Herditary angioedema (HAE) is an autosomal dominantly inherited condition in which a deficiency of the inhibitor (C1lnh) of the activated first component of complement is associated with recurrent episodes of edema of the skin, gastrointestinal tract, and larynx. The pituitary gonadotropin inhibitor, danazol, has been reported to be effective in preventing attacks and increasing C1lnh levels. Our experience with 11 patients from five kindreds corroborated those results and has revealed that most patients can be maintained symptom-free on 100-200 mg of danazol daily Side effects were minimal, although one young woman discontinued therapy because it aggravated her acne. The elevation of C1lnh levels and prevention of HAE attacks provide evidence that danazol is the present drug of choice in treating this genetic disease.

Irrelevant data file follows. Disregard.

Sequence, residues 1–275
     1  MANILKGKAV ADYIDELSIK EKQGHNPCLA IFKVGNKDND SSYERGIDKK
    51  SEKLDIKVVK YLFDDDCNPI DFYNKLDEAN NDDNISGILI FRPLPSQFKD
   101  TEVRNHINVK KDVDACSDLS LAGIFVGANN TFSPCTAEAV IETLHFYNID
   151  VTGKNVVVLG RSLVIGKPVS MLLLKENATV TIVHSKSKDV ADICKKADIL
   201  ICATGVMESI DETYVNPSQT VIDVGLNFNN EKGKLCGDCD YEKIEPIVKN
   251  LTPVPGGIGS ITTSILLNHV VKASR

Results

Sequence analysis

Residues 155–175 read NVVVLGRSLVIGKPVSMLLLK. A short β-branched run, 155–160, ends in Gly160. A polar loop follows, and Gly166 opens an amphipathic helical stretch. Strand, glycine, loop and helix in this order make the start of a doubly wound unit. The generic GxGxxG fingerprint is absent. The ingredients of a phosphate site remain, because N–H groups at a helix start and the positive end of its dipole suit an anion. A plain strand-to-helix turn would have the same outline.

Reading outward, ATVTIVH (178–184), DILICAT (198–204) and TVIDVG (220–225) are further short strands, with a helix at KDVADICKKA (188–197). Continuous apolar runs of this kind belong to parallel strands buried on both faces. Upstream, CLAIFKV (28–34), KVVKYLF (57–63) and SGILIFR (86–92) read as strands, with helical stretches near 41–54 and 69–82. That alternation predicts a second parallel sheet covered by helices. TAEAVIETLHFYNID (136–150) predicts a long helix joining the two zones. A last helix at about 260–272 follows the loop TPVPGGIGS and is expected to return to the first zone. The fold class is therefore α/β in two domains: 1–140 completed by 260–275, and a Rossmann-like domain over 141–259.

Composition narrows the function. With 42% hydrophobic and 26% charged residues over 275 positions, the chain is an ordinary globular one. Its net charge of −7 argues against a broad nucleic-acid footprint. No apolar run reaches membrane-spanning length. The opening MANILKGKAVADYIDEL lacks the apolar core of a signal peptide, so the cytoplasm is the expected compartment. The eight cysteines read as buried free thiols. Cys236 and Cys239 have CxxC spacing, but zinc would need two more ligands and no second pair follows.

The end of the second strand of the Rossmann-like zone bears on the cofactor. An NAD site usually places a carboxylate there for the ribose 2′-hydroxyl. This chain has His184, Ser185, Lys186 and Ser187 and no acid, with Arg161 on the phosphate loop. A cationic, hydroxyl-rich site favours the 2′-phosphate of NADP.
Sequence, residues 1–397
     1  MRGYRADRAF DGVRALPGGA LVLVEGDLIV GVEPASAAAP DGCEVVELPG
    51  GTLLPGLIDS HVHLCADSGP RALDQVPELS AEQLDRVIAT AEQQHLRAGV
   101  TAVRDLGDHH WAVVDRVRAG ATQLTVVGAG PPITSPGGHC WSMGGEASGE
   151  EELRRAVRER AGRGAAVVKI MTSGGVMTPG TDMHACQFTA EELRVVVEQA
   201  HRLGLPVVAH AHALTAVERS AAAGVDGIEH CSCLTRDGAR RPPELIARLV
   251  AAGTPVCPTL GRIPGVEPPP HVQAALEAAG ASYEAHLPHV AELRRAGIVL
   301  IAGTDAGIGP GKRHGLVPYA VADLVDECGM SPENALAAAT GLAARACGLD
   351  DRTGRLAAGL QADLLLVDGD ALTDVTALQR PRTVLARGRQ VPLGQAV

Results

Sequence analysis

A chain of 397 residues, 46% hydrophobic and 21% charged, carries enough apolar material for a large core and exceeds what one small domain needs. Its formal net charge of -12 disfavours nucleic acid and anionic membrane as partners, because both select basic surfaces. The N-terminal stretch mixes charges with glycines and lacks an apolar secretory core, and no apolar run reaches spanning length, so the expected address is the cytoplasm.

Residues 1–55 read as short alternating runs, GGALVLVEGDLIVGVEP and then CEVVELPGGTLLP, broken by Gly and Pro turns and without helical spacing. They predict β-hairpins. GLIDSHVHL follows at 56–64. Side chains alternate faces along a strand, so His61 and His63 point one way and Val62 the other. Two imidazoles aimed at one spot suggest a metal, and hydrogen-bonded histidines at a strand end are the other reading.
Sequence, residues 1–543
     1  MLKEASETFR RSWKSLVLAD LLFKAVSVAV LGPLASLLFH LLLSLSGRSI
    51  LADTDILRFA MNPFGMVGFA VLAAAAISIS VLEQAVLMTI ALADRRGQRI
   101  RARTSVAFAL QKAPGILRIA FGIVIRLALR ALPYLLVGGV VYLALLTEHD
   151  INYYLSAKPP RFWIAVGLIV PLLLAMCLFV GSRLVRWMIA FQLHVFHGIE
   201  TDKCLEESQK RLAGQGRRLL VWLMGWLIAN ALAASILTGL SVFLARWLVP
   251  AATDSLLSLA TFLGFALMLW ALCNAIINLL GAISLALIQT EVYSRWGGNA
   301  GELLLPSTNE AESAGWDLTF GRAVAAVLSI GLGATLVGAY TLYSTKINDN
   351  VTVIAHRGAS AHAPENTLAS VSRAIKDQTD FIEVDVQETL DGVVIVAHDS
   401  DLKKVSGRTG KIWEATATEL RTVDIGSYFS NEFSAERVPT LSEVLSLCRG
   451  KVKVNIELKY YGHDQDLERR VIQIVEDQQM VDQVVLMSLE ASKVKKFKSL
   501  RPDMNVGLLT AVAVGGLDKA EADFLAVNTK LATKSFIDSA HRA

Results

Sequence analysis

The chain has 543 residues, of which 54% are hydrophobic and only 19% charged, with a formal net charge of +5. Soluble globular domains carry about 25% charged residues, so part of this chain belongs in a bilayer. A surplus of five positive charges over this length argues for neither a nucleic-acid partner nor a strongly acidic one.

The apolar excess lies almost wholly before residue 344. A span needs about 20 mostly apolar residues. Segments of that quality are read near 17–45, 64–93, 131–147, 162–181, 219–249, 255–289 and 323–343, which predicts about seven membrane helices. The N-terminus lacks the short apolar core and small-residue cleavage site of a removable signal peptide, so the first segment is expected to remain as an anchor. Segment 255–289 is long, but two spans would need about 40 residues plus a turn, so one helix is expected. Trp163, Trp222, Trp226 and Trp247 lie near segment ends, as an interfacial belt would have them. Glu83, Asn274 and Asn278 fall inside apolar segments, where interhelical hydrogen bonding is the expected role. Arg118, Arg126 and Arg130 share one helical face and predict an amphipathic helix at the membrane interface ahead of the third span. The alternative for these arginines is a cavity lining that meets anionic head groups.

Sweet, Lawrence C.; Jackson, Charles E.; Yanari, Sam S.; and Yott, J. B.
"Danazol Therapy in Hereditary Angioedema,"
Henry Ford Hospital Medical Journal
: Vol. 28
Available at: https://scholarlycommons.henryford.com/hfhmedjournal/vol28/iss1/6